Small gaps always give close finishes and now, we countdown to find out which race is number one!
With the 2020 MOTUL FIM Superbike World Championship just over two weeks from returning to action, the action is getting closer both in terms of when it gets back underway and in terms of close finishes. It isn’t unfathomable to think we could see the closest finish of all time in 2020 so sit back, relax and enjoy Part 2 of the top ten closest finishes of all time, following on from Part 1 yesterday.
Italian Pierfrancesco Chili’s tradition of finishing nowhere in Race 1 and winning in Race 2 was no different at Monza in 1996. After a fourth in Race 1, he was keen home victory later on. Leading on the last lap, the Ducati star ran wide and went through the gravel at the second chicane, still upright but down to fourth. A heroic fightback saw him take the lead on the run to the line, beating Castrol Honda’s Aaron Slight by just 0.007s in one of the most stunning final laps in WorldSBK history.
Another thrilling Monza duel, this time with Carl Fogarty and Colin Edwards. For 1999, the finish line had been moved much closer to the Parabolica, meaning slipstreaming to victory was highly unlikely like in years before. However, Carl Fogarty had other ideas and stormed round the final corner to be alongside Castrol Honda’s Edwards across the line. The win initially went to Edwards, but a timing discrepancy reversed the decision give ‘Foggy’ and Ducati the win. More magical Monza moments.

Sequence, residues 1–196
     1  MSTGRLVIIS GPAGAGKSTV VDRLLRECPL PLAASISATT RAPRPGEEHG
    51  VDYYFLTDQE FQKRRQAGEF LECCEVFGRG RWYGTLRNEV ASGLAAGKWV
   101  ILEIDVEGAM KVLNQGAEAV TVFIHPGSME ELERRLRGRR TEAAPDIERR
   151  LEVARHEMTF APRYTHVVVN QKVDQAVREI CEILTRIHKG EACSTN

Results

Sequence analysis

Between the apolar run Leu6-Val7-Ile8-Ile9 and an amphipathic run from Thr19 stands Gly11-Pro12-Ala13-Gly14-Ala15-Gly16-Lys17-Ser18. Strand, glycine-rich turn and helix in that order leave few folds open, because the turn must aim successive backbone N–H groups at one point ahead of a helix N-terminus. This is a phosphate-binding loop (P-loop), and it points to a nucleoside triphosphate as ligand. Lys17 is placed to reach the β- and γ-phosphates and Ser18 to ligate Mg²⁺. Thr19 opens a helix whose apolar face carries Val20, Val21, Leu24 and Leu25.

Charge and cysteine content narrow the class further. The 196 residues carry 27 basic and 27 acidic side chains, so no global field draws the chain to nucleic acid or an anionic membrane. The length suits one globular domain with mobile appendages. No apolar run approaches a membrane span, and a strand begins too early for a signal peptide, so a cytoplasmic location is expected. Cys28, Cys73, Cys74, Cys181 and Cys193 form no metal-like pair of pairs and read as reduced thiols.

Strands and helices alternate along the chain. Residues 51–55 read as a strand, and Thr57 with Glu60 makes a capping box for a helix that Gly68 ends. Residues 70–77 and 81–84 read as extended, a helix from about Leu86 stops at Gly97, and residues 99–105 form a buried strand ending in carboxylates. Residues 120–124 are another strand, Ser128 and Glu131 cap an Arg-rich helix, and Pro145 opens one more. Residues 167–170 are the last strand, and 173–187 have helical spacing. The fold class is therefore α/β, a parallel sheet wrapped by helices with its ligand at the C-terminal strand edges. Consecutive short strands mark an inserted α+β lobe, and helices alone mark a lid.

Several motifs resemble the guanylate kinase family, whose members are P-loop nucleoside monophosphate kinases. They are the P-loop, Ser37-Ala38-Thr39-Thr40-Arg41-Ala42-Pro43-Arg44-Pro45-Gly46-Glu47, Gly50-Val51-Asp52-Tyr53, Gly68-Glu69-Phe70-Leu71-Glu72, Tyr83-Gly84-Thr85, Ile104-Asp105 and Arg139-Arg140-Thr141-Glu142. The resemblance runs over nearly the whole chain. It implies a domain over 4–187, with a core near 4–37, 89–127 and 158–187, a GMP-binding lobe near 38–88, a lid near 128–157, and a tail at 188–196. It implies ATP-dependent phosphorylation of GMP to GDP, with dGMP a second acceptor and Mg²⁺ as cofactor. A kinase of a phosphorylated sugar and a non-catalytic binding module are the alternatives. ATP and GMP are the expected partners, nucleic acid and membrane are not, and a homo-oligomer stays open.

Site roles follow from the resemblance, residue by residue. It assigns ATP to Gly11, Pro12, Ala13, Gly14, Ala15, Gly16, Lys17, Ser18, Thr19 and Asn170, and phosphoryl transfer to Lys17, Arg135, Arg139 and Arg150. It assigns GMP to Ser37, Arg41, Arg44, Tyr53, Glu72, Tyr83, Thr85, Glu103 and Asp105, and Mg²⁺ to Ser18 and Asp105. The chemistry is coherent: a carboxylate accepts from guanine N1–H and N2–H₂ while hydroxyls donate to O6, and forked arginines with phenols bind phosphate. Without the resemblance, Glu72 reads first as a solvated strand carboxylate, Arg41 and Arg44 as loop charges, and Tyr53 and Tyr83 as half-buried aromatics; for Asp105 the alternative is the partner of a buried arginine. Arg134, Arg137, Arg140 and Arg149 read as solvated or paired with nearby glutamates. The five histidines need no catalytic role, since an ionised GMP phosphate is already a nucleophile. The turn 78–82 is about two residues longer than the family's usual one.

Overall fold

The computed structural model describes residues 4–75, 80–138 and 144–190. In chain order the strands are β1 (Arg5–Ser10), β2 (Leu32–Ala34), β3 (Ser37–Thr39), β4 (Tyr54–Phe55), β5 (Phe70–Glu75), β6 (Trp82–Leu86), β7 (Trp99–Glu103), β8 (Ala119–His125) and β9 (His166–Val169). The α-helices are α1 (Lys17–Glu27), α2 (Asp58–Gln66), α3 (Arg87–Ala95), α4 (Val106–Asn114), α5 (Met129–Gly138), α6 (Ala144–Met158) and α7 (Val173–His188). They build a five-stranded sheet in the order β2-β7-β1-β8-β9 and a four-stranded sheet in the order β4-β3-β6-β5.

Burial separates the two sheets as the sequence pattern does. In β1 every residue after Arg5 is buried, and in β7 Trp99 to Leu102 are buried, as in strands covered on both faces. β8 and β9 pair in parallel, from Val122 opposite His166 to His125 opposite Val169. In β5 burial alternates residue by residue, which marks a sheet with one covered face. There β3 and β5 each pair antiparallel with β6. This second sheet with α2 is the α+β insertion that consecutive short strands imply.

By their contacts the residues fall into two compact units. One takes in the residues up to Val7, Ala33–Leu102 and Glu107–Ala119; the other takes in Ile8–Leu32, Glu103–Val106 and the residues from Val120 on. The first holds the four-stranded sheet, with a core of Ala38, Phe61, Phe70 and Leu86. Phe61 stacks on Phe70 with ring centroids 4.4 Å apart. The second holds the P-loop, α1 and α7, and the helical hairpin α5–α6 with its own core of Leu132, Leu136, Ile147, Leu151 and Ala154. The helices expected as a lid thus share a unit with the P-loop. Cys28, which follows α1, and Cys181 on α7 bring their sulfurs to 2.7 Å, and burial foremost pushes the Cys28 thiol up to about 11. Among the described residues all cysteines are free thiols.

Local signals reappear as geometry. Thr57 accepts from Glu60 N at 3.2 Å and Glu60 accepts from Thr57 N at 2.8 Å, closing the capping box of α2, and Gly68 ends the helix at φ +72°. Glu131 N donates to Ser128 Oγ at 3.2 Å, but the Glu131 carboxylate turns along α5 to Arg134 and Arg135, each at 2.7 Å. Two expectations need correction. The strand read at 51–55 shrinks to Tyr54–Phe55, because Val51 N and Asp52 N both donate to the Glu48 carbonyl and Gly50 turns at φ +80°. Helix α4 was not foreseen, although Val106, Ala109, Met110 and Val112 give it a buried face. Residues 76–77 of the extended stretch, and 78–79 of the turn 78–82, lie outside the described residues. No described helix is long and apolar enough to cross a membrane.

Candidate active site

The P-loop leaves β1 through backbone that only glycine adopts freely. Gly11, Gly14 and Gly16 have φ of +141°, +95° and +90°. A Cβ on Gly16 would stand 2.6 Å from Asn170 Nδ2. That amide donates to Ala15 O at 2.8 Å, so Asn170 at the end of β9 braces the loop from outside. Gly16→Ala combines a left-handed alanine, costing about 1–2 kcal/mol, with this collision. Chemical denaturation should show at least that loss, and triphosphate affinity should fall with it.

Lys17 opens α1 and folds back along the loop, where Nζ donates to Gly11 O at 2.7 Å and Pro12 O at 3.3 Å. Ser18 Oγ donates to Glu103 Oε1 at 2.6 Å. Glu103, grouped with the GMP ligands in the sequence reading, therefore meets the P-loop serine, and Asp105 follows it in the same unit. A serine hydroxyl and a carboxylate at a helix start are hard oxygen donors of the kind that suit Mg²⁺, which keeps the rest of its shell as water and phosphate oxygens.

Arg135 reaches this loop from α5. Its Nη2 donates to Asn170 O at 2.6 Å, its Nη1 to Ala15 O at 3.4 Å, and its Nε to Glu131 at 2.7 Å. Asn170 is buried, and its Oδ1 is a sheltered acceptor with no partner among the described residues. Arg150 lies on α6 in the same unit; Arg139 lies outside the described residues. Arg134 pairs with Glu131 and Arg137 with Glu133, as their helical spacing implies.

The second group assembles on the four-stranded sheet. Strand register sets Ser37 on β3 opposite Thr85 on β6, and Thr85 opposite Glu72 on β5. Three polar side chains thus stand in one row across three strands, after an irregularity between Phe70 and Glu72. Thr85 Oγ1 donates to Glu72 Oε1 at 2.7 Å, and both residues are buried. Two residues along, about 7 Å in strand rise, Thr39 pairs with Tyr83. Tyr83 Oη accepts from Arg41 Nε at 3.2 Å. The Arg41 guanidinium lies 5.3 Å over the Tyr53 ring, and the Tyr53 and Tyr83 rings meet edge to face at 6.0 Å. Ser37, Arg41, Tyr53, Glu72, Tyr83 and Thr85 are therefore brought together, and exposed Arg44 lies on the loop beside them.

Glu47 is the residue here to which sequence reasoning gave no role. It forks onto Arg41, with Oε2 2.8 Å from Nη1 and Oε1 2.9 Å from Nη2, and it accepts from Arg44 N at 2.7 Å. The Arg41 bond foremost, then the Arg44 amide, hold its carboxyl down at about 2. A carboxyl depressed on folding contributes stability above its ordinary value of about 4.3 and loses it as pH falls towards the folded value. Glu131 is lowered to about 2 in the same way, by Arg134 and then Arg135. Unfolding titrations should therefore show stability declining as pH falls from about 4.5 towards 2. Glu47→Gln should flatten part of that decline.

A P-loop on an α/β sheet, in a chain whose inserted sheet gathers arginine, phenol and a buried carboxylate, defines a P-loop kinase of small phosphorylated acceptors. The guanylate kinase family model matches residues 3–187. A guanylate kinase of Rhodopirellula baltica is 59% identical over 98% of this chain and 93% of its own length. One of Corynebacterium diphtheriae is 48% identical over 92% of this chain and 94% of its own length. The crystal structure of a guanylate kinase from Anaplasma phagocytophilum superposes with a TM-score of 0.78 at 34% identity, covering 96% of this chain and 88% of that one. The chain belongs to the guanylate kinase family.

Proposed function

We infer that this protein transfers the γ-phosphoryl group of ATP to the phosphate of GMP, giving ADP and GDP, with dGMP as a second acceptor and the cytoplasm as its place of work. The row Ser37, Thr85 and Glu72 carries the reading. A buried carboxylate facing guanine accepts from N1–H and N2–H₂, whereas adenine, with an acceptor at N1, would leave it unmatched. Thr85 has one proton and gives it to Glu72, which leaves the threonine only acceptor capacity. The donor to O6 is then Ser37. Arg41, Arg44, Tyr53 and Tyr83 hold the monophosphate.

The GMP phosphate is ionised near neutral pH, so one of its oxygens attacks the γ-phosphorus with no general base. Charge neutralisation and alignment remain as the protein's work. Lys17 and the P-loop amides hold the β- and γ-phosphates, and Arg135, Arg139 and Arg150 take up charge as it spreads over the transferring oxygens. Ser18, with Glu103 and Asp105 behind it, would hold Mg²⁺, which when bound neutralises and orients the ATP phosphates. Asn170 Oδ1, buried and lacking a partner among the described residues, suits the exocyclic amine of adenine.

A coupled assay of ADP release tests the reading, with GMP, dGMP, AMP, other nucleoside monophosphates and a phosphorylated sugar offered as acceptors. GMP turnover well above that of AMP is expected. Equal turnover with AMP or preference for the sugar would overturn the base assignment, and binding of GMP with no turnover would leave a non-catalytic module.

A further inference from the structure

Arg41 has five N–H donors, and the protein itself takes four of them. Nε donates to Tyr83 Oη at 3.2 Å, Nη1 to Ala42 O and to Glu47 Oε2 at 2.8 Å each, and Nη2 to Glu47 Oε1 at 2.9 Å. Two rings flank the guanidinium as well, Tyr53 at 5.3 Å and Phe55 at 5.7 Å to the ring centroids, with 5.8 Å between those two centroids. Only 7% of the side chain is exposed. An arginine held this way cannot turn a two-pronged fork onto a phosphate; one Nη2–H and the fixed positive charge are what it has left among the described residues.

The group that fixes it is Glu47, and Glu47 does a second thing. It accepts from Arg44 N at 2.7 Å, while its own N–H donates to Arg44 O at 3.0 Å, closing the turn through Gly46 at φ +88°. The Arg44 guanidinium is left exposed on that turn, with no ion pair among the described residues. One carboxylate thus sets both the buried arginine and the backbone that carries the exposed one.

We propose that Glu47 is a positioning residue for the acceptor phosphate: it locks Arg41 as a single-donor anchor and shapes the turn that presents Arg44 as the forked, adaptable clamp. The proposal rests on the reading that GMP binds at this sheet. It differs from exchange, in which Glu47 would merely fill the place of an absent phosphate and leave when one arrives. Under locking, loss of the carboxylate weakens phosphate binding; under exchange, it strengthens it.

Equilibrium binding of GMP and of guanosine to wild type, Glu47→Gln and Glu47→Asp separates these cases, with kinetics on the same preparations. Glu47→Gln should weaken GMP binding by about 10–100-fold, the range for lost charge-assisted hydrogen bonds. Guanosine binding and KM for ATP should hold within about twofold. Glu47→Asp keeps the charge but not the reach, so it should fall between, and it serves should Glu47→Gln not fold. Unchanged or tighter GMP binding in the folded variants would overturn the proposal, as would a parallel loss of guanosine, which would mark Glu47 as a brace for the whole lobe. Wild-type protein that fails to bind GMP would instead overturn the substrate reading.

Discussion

The second one of three races decided by 0.005s comes from Down Under and a crazy final sector on the final lap. Troy Corser hit the front ahead of teammate Carl Fogarty at Turn 1 on the final lap and despite ‘Foggy’ making a mistake at Lukey Heights, it was Corser’s error at the next corner which allowed Fogarty into the lead. Blasting round the final corner, Corser built into the slipstream and pipped his teammate on the line to take victory at home to the delight of the huge crowd trackside.
The second-closest finish of all time and the closest podium of all-time, Monza’s Race 1 from 1997 is a historic race for many reasons. Going into the final corner on the last lap, Carl Fogarty hit the front for Ducati, but it was Honda power from John Kocinski and Aaron Slight which saw them hit first and second respectively, amongst a sea of backmarkers. Kocinski took the win ahead of Slight and Fogarty, with all three covered by just 0.008s in a totally hectic final lap; how close do you like it?
They don’t come much closer, much better, much more nail-biting than the last lap of Phillip Island’s season-opening race in 2010. Leon Haslam led every single lap for the Alstare Suzuki squad, but Michel Fabrizio used the power of his Xerox Ducati and slipstream his way into contention on the blast to the line. Like Monza in 1999, the timing screens initially said one name before being reversed: Fabrizio was given the win first but halfway round the cool-down lap, it was Leon Haslam who picked up his career first victory. Just 0.004s, will we see a closer finish in 2020?
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